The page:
In this article we will explain how you can calculate two of the most important KPI's in Project Finance: the NPV & IRR.
Net Present Value (NPV)
The Net Present Value (NPV) is one of the most important key figures for evaluating the value of a project. It results from the sum of the future cash flows of an investment discounted to the valuation date (t0).
In order to calculate the Net Present Value of a project, you need the following information:
- Cashflow to Equity (cash inflow and cash outflow) for all different periods of the project lifetime (t0, t1, t2, etc.)
- Discount rate of the concerned project
- Project lifetime
With this information, we can calculate the present value for each period. Therefore we need to use the following formula:
The following table serves as a simple calculation example:
As we can see, the received amounts (Cashflow to Equity) are the same (3.200 EUR) in the years 2021 and 2024 but the present value is higher for 2021. This is due to the fact that the same amount has always more value the earlier it is received (positive interest rates assumed). To learn more about this mechanism, you can read our article about the Discounted Cashflow Model.
By summing up all present values of the concerned project you will get the so-called NPV:
A NPV must be higher than 0 in order to be profitable. It expresses the profitability of the project in an absolut number. Below we will describe the concept of the internal rate of return (IRR). This KPI determines the discount rate that reduces the NPV of an investment to zero.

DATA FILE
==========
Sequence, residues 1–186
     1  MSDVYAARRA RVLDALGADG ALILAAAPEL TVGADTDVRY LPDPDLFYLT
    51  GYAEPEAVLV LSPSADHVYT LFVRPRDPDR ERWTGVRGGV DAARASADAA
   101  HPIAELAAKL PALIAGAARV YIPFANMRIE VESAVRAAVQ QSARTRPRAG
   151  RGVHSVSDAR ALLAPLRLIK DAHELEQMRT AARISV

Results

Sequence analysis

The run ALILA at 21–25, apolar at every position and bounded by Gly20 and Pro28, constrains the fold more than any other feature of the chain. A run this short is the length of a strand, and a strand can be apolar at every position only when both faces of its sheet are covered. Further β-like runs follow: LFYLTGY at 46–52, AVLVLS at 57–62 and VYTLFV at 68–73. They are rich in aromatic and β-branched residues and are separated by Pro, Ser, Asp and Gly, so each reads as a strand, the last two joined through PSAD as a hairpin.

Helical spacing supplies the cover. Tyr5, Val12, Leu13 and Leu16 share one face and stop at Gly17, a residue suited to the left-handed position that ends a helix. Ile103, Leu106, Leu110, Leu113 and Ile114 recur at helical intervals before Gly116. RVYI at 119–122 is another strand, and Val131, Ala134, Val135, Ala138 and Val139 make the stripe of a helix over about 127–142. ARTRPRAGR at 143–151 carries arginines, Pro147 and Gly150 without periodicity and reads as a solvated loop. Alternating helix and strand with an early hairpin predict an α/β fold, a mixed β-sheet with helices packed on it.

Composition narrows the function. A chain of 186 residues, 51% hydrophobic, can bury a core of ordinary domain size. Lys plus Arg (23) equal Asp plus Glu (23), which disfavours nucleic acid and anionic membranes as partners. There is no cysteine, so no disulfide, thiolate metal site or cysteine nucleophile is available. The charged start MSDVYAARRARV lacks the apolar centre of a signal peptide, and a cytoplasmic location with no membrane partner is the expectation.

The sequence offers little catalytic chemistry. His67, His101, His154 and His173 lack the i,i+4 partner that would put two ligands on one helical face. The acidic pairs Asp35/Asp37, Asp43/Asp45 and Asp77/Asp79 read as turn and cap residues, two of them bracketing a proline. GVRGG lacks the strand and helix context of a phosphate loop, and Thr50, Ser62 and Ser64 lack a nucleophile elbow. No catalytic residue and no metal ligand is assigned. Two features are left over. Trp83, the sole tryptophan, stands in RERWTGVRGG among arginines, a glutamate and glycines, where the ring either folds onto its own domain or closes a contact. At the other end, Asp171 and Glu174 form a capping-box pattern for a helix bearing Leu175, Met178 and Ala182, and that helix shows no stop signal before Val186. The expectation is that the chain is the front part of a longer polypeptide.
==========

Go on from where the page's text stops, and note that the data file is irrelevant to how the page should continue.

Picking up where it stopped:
Internal Rate of Return (IRR)
The Internal Rate of Return (IRR) is another KPI permitting to evaluate the profitability of a project. It is expressed in % and indicates the annual rate of return of the project. Since it is a relative number, it can be used for the comparison of projects of different technologies and investment volumes and also for the comparison of alternative investments opportunities in the securities market. Therefore it is used by the majority of all investment professionals.
In order to calculate the Internal Rate of Return, you need the following information:
- Free Cashflow (in order to calculate the Project IRR)
- Cashflow to Equity (in order to calculate the Equity IRR)
- Project lifetime
For the calculation of the IRR you use the same formula as for the NPV, but you are setting the NPV to 0 and determine the discount rate. As there are different IRR's to address different issues, the cash-in and cash-out used differ. The Project IRR is using the Free Cashflow (also named Cash Flow Available For Debt Service), whereas the Equity IRR uses the cash flow to equity. For the calculation of the Project IRR you use the following formula:
For the calculation of the Equity IRR you use the same formula but replace the Free Cashflow by the Cashflow to Equity:
The IRR rule states that the project can be pursued if the IRR for a project is higher than the required minimum return, usually the cost of capital. Important to understand is that the concept of IRR assumes reinvestment of free cash flows at the internal rate of return. Therefore, the IRR overstates the annual equivalent return for a project that has internal cash flows that are reinvested at a lower rate than the calculated IRR. Note: To learn more about the different types of IRR, please go to our article “What is the difference between Project IRR, Equity IRR and Payout IRR?”
Will be explained in the video as well
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